The power of reflection
With the advent of the Common Core, there has been substantial growth in the use of reflection by teachers and by students. Reflection is needed for us to grow as learners and writers. Teachers who promote reflective classrooms ensure that students are fully engaged in their learning.
Therefore, I was delighted with the book’s self-assessment checklist for each grade level. The items were appropriate: “I” statements to help students analyze their writing and set goals. These reflective checklists remind me of a delicious blueberry pie (my personal favorite). They are inviting to use and linger in your mind long after you’ve tried them.
Good writing skills are a key to success in every subject. Writing Pathways: Performance Assessments and Learning Progressions also enables teachers in K-8 to work on classroom writing in a unified manner through regular reflection. Shaped by research drawn from thousands of schools, this book provides a road map for establishing and maintaining an exemplary writing program that uses student data to drive your instruction, leading to effective instruction and assessment.
A wonderful complement to the Units of Study
Writing Pathways is a guide and tool for teachers, teacher educators, curriculum developers, and educational leaders. I would suggest that schools of education use this book as part of their curriculum and guide future teachers in literacy to effectively use its ideas in their practice.
If you are already using the Heinemann series, Units of Study in Opinion/Argument, Information, and Narrative Writing, you are undoubtedly in luck. This book is a wonderful complement to that series, structured around the three major types of writing. What a timesaver in your busy teaching day! If you are not using the Units of Study, I recommend that you orient yourself with the series.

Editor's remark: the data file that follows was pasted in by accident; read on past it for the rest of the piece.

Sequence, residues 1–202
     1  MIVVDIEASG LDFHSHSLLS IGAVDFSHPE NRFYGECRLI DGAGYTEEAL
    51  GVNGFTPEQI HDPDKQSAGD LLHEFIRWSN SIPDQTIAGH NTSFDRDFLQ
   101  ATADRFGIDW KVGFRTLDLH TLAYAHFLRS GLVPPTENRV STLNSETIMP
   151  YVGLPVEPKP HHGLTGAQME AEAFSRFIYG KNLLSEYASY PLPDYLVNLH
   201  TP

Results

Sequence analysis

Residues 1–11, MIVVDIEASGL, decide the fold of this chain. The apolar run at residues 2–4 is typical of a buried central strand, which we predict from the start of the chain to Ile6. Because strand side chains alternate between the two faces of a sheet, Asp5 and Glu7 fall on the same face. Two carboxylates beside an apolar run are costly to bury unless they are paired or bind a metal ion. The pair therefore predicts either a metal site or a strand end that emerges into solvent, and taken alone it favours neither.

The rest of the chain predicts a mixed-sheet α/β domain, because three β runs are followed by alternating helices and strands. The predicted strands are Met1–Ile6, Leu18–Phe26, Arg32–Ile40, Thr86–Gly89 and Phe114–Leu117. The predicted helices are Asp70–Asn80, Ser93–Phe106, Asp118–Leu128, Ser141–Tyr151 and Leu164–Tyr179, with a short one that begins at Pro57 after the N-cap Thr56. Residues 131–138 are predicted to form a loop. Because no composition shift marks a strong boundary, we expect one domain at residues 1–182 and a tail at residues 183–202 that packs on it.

Editor’s note: Please see the comment below from Heinemann social media manager Brett Whitmarsh explaining who should consider purchasing this stand-alone edition of Writing Pathways.
That said, whatever writing curriculum you currently use, this book will help you meet the needs of your classroom writers, assisting you as you determine where your students are and how best to move them along in the most efficient and effective manner.
How can I write a conclusion that sums up this invaluable resource? I don’t even know how to begin. All I can do is repeat what I told my principal: “You have to buy this book!”
Linda Biondi is a fourth grade teacher at Pond Road Middle School in Robbinsville, NJ, and a long-time Morning Meeting practitioner. She’s also the recipient of several educational grants, a Teacher Consultant with the National Writing Project and a participant on the NJ Department of Education Teacher Advisory Panel. She recently attended the invitation-only ECET2 Conference in New Orleans to explore teacher leadership and collaboration.